4. The Marble Hall

Image: George Mather

This space was originally designed by Powell & Moya as a bare concrete space, stark and raw. But when Sir Isaac Wolfson saw what had been built, he had other ideas, and the force of his personality (and his financial standing as the funder of the College’s construction) meant that he had his way. He was determined that the space should have a fitting grandeur, and he therefore ordered that it be entirely clad in Carrara marble, from the famous quarry in Italy.

The issue was that the proportions of the space had already been set by the concrete building and cladding them with marble would constrict the space. But that is what happened.

So, for example, if you look at the windows looking out onto the Berlin Quad, the marble angles sharply down to the window rather than being flush. As one goes up the staircase to the Upper Common Room, people regularly bump their head on the corner, which has had to be given a protective surface; in the original pre-marble design this was not a problem. And if one goes back down to the staircase up into the marble hall from the Berlin Quad outside, you will see that the marble has again had to be cut at a sharp angle to ensure it fits within the side awnings which were already in place.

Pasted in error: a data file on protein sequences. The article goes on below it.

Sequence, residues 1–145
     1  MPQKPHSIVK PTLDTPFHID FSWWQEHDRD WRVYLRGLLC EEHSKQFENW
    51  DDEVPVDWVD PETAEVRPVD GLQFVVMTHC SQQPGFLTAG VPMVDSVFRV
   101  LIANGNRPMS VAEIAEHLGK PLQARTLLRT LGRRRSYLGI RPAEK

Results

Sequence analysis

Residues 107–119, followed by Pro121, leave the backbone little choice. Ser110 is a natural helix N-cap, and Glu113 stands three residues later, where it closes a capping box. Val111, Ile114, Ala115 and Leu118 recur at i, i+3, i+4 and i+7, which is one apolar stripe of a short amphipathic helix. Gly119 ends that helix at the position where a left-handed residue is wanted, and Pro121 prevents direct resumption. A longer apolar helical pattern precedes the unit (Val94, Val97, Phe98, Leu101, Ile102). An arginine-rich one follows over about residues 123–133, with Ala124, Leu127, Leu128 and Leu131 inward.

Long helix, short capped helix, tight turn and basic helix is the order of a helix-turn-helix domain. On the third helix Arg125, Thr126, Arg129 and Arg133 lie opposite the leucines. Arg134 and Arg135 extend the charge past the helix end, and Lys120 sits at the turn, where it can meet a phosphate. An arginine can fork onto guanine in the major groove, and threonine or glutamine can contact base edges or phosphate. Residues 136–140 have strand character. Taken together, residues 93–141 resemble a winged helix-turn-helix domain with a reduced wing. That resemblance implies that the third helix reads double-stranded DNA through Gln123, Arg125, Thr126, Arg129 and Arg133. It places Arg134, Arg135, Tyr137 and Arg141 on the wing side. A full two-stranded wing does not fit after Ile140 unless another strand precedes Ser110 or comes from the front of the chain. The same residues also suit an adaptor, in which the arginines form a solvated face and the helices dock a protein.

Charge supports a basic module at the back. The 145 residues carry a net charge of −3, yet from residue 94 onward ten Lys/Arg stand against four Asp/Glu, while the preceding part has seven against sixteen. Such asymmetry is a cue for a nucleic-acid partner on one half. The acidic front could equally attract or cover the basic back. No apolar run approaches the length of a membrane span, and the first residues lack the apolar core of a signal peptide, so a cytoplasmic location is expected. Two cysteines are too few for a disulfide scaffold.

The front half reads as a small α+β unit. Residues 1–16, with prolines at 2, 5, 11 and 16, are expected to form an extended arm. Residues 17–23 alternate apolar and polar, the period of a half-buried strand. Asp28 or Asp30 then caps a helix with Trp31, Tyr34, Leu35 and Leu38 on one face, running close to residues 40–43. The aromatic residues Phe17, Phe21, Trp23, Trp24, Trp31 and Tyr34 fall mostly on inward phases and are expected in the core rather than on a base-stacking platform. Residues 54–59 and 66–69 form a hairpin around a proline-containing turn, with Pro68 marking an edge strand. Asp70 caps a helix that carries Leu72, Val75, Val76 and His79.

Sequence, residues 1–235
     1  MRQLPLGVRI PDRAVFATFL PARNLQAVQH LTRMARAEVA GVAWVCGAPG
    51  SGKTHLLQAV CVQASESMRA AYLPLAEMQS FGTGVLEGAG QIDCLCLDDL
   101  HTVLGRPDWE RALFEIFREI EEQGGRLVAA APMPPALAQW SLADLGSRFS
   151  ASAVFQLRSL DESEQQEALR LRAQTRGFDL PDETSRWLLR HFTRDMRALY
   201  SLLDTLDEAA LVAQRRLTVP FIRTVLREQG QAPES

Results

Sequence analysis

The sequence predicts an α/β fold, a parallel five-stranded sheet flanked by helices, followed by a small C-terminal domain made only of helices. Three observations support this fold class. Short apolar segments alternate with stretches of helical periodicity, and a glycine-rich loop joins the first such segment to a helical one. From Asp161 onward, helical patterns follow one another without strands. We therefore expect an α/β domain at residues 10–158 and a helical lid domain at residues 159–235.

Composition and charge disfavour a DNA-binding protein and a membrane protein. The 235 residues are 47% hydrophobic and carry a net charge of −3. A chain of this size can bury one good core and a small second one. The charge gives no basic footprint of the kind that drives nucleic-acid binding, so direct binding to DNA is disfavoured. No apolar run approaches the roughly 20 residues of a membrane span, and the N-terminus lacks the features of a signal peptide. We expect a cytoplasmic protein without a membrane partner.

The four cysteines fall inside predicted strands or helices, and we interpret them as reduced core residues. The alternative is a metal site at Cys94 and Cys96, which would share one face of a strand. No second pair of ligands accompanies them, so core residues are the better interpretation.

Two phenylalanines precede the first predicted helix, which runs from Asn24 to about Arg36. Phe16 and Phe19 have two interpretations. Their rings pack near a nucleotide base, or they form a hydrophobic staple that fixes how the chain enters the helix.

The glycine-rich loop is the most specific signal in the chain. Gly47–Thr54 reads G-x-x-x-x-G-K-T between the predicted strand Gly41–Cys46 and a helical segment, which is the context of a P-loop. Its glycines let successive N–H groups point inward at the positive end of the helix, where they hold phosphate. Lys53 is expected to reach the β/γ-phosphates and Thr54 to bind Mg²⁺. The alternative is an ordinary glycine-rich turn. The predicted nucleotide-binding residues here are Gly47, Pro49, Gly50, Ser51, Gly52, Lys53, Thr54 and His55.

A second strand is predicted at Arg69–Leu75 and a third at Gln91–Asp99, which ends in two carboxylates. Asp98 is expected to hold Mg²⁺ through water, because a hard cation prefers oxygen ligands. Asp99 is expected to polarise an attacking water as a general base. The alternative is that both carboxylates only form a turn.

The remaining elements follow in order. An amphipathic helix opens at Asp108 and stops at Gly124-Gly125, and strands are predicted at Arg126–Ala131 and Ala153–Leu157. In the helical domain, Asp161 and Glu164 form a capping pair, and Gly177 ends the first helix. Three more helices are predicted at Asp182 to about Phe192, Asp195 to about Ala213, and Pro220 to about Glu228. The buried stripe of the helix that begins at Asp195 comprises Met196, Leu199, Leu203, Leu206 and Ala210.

Image: George Mather

Sir Isaac Wolfson of course also had his name carved on the marble seat in the Marble Hall. The seat does provide an excellent location for admiring whatever artwork the College places on the large empty wall opposite. Since 2020 this has been the piece Albus, by the British artist Marcus Harvey. The piece plays with ideas of whiteness (‘Albus’ meaning white), featuring cliffs which remind the viewer of Vera Lynn’s nostalgic The White Cliffs of Dover. But far from summoning ideas of homecoming during the Second World War, as Lynn’s song famously did, this picture is darker, more ominous, and might be argued to truer to a Britain which is less welcoming of refugees and other Europeans than it used to be.

Image: George Mather

Other pieces in the Marble Hall include the British sculptor Anthony Caro’s 1982 piece Double Half, donated to the College by the artist; the provocative piece The Butcher’s Arms or My boyfriend is a vegan by the Brazilian artist Adriano Costa, spray-painted on cowhide; and one of the seven pieces by British contemporary artist Marc Quinn known as Emotional Detox: Seven Deadly Sins, which reassure students with exam anxiety that things could be worse.

Tim Hitchens